Source: PR newswire VG Energy, a subsidiary of Viral Genetics, Inc. (Pinksheets: VRAL), announced today that it has retained alternative energy producer BioProcess Algae, LLC to verify lab results on a large scale for the development of commercial production of its potential biofuel process. VG Energy has developed proprietary technology, with results reproduced multiple times from test-tube to small-pond studies, which holds promise in producing algal biofuel on a commercial scale, at prices competitive with or better than current oil prices.
“VG Energy’s technology has shown great promise as a viable and cost-effective additive for alternative energy sources,” said Haig Keledjian, CEO of VG Energy and Viral Genetics. “We are thrilled to be working with BioProcess Algae to take the next steps and move from the laboratory to a viable production setting.”
The agreement came together quickly and was facilitated by VG Energy SVP Monica Ord. “I have Richard Branson and Mike Willis from Virgin Green to thank for the introduction to Green Plains Renewable Energy (GPRE) and BioProcess Algae,” said Ord. “We have repeated our proof of principle research studies multiple times, internally and through Texas A&M, which have clearly demonstrated the effectiveness of the compound on a small scale. Bioprocess Algae gives us the ability to move quickly into full autotrophic, mixotrophic and heterotrophic scale-up studies, and we are excited to begin.”
A process increasing lipid production in algae cells and considerably improving their rate of recyclability has been discovered by VG Energy and its lead researcher, Dr. M. Karen Newell Rogers, the Raleigh R. White, Jr. Endowed Professor of Surgical Research at Texas A&M Health Sciences Center and Scott and White Hospital in Temple, Texas. A recent report by biofuels expert John Sheehan models several current production techniques, with their productivity enhanced by VG Energy’s process, with the results showing potential for a cost-effective energy source. A direct result of work undertaken by Dr. Newell Rogers for cancer treatment, this process, Metabolic Disruption Technology (MDT), appears to act as a long-sought lipid trigger to cause algae cells to store increased fat, making them more productive as an energy source. When the process was applied to algae cells in the lab, extractable lipid, or fat, production was increased by a minimum of 300%. Additionally, the process enables cells to release fats outside the cell walls, making much of the algae recyclable and increases its viability as an alternative energy source.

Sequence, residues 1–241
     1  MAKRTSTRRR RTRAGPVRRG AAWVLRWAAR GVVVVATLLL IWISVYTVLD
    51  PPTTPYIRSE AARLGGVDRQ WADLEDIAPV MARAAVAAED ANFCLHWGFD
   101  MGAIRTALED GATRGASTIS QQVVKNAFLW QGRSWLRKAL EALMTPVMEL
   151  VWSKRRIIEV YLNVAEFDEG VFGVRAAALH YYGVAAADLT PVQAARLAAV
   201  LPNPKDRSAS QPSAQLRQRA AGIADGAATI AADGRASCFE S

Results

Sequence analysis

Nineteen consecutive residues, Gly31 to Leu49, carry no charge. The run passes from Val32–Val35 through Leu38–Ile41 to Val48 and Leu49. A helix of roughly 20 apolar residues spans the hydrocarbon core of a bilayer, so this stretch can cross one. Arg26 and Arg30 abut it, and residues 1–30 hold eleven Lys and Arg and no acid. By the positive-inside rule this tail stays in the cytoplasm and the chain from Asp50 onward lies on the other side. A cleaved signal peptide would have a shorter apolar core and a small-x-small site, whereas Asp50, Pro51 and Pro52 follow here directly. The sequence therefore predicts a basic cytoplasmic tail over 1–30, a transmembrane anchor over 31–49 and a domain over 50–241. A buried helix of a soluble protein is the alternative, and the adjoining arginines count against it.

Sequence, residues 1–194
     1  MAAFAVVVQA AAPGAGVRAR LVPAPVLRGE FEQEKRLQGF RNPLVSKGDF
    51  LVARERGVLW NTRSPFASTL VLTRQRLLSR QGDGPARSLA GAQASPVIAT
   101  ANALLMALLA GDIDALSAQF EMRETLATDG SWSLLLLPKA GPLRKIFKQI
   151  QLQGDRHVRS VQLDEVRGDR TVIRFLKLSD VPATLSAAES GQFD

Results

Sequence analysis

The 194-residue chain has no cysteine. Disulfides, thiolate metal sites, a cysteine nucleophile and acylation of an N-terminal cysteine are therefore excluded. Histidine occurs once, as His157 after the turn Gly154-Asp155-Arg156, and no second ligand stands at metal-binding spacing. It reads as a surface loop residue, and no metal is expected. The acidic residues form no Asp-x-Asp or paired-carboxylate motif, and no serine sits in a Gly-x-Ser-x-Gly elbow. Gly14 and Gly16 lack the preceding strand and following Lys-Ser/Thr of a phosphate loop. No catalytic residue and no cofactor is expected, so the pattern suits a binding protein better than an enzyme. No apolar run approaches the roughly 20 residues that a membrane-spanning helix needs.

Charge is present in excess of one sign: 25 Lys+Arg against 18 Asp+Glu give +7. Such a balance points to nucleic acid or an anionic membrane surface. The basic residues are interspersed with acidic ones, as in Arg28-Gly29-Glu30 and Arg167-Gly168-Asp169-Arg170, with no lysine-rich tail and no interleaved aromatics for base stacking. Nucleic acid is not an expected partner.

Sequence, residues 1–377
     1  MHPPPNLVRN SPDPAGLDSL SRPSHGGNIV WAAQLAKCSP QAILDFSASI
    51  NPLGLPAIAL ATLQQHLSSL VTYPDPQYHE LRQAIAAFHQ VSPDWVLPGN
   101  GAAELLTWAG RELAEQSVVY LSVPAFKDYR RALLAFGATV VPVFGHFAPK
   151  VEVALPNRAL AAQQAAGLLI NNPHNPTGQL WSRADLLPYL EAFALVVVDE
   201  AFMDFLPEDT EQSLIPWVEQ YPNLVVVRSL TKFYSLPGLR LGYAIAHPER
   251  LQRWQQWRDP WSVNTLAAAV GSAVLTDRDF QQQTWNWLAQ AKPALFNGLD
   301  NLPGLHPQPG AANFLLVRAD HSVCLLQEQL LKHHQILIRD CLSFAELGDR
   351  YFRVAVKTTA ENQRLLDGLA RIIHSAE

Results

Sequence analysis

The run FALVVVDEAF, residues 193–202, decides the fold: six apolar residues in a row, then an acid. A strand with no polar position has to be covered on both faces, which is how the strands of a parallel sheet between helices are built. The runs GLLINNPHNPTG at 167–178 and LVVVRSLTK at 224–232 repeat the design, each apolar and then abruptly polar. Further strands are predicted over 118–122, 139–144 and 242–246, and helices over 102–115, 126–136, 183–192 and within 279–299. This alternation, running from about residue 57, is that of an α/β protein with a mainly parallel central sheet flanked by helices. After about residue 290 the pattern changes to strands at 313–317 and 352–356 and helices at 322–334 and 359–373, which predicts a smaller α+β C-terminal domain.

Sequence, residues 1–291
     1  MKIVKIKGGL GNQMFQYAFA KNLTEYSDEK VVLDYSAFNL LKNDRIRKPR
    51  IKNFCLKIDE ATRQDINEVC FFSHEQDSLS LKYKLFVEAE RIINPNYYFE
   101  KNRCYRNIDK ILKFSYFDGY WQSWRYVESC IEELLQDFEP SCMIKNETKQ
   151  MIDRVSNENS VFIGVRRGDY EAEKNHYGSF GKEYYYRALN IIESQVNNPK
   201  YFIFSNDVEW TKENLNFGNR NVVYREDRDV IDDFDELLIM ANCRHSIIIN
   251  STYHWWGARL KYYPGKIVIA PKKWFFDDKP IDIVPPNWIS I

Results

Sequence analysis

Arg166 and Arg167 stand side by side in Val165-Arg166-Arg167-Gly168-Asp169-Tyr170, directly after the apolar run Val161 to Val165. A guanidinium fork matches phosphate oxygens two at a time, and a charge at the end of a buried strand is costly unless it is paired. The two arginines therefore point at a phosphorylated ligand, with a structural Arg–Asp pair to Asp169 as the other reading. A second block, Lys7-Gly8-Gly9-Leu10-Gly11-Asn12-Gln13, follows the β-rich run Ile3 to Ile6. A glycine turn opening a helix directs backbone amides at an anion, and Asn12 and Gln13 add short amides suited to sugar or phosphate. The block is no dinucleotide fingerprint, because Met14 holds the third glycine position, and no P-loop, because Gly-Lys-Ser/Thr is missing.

“Viral Genetics is in the right place at the right time with this technology. Identifying and controlling the trigger for lipid production in algae has long been the holy grail of algal biofuels technology. Many big players are working in this field, and whoever is first to translate such a discovery into an economic process will leap frog to the front of the pack.”